Six years after Schools Chancellor Joel Klein vowed to crack down on a bureaucratic loophole that allowed principals to hide students’ failure to graduate high school, a new report (PDF) suggests that the loophole remains open and may be growing wider. The report calls for closer study of the students classified as “discharges” — departures from the system, but not dropouts — through steps including a state audit.
The report says that 21 percent of students who entered high school in 2003 both never graduated and were never counted as dropouts, instead falling into a category known as “discharges.” The percentage was up from 17.5 percent among the Class of 2000. The rate is especially high among special education students, and includes a remarkable jump in 2005, when the special education discharge rate shot up to 36 percent from 23 percent in a single year.
Students classified as discharges can include those who left the school system for legitimate reasons, such as moving to another state, deciding to enroll in an outside G.E.D. program, or death. But some advocates have argued that principals can also misuse the discharge code, entering students who simply dropped out in order to inflate their graduation rate artificially.
A recent audit of 12 high schools in New York State by the state comptroller, Thomas DiNapoli, found that high schools classified students as G.E.D. discharges who did not actually enroll in a G.E.D. program. “As a result,” DiNapoli’s audit concluded, “the report cards understated the number and percentage of dropouts and overstated the percentage of graduates for some of the schools we reviewed.” The audit did not probe any New York City high schools.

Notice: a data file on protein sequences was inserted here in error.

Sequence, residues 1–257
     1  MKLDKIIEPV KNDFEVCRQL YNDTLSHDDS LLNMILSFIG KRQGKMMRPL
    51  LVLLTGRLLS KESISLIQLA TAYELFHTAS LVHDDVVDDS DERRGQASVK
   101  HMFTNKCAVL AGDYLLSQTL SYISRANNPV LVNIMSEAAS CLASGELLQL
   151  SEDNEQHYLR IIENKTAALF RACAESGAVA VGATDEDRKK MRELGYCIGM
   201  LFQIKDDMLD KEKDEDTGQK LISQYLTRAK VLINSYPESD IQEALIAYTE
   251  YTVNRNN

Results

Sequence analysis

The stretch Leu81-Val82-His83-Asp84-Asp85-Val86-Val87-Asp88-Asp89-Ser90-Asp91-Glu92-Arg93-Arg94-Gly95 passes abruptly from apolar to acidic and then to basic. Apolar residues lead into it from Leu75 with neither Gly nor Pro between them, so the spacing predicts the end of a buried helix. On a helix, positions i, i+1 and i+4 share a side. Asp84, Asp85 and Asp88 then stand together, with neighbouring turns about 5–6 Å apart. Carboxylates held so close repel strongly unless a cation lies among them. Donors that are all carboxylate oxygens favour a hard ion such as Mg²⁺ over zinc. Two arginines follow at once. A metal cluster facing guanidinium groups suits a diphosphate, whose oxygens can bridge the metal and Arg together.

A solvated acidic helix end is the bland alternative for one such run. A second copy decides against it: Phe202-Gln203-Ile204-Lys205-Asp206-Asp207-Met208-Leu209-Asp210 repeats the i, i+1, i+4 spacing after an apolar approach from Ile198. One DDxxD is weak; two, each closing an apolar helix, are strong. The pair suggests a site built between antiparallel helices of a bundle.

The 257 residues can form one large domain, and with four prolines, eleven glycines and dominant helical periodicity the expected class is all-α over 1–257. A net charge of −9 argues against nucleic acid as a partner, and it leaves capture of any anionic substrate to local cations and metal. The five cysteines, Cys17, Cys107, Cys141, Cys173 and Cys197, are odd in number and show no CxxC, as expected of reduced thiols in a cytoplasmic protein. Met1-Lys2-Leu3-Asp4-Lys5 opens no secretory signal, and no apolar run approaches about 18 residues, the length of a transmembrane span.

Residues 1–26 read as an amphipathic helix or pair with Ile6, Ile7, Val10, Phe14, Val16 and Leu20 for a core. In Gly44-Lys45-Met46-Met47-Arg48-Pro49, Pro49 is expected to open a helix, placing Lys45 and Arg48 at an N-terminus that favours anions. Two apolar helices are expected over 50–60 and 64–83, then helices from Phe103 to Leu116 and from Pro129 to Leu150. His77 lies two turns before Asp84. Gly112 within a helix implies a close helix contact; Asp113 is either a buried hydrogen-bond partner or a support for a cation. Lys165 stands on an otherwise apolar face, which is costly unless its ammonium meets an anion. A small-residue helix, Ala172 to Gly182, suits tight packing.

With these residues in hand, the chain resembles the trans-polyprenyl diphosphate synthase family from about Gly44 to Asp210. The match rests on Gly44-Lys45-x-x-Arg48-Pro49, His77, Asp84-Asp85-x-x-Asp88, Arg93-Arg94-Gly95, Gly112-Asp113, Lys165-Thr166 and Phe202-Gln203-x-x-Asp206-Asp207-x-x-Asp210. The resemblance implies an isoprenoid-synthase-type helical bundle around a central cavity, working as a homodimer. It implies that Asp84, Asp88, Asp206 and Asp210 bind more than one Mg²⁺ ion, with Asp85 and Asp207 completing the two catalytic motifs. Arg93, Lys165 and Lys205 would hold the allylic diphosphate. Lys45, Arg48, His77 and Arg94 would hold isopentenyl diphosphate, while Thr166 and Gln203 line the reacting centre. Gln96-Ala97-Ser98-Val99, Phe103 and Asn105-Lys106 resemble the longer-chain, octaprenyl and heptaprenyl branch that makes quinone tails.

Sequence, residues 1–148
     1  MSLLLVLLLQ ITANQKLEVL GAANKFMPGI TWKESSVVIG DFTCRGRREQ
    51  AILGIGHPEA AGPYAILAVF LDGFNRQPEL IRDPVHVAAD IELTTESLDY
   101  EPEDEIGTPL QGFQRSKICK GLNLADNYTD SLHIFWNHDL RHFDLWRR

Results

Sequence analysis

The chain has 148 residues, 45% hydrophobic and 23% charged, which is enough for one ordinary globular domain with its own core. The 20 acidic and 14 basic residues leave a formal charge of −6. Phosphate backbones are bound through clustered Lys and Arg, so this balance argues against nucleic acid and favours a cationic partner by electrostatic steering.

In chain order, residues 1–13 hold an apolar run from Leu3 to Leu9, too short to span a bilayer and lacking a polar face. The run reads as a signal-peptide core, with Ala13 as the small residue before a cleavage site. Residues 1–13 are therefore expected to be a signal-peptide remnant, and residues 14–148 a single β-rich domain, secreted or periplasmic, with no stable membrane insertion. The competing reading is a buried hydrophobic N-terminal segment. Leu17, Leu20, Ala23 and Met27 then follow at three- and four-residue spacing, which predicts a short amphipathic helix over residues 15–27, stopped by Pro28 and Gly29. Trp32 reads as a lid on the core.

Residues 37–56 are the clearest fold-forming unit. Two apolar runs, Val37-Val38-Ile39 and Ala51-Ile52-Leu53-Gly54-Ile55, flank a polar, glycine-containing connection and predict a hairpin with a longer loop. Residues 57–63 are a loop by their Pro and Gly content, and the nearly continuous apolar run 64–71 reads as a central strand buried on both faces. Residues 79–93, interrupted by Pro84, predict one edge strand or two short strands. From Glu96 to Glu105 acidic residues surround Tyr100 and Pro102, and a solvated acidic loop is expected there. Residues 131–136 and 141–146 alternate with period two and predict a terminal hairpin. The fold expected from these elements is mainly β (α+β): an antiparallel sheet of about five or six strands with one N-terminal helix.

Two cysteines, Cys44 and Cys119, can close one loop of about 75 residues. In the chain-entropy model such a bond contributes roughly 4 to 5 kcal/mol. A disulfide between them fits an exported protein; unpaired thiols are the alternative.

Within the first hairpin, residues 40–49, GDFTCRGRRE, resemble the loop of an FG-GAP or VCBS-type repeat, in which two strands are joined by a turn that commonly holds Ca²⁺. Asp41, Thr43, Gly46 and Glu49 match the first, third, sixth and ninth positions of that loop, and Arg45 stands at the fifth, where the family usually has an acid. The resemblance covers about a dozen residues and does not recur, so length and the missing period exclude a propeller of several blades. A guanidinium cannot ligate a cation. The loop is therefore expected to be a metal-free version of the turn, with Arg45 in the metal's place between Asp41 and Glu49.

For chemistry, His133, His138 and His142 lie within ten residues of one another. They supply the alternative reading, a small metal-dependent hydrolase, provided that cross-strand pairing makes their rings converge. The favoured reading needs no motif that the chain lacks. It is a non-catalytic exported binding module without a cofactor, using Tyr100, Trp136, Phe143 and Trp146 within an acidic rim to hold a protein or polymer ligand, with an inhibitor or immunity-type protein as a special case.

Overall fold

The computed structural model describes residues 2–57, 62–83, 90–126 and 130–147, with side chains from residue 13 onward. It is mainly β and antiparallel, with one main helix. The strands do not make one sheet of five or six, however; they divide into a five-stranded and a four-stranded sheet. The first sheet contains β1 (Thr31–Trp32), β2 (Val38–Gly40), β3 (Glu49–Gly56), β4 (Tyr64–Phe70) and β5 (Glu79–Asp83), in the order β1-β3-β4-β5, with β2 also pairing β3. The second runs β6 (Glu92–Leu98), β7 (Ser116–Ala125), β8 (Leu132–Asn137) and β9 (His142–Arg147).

Two persistent critics of the Bloomberg administration compiled the report: the executive director of Class Size Matters, Leonie Haimson, and a Ph.D. candidate at Columbia University, Jennifer Jennings. Jennings was the author of the now-defunct Eduwonkette blog, whose analysis of New York City education data became (as I reported) a thorn in the Bloomberg administration’s side. The report is being released at a press conference this morning held by a third critic, the city’s public advocate, Betsy Gotbaum.
City school officials were already disputing the report’s claims yesterday, before it had been released. About 90 percent of high school discharges are for students who are enrolling at a private school or moving out of the city, DOE spokesman Andrew Jacob said. The financial firm Ernst & Young includes in its annual audit of the city’s graduation numbers an examination of whether schools properly documented that students enrolled where they said they would, Jacob added. And he said that the slightly higher number of discharges in 2007 represents a fluctuation, not a trend, with the DOE’s internal numbers indicating that the number of discharges dropped in 2008.
In an interview last night that was embargoed until the formal release of the report today, Jennings, the report’s lead author, said that the report is part of her dissertation, which looks at the effects of accountability policies. She said that the report should not be seen as a critique of the Bloomberg administration. Rather, she theorized that the federal No Child Left Behind law might have given principals an incentive to use the “discharge” code to inflate their graduation rates artificially.
One highlighted point in the report is a sharp rise in the percentage of first-year high school students who are discharged. Jennings speculated that the rise could be a result of a policy in NCLB that exempts principals from being held accountable for students who have not been at a school for more than five months.
She said the report’s main purpose is to call attention to students who may be being overlooked — and to urge policymakers to study who they are and why they are leaving. “It’s a problem that hasn’t been solved,” Jennings said. “But for the benefit of the 20,000 or some kids who are discharged every year, it’d be great to know.”
There’s tons more information in this report; we’ll pull out other interesting parts as we find them.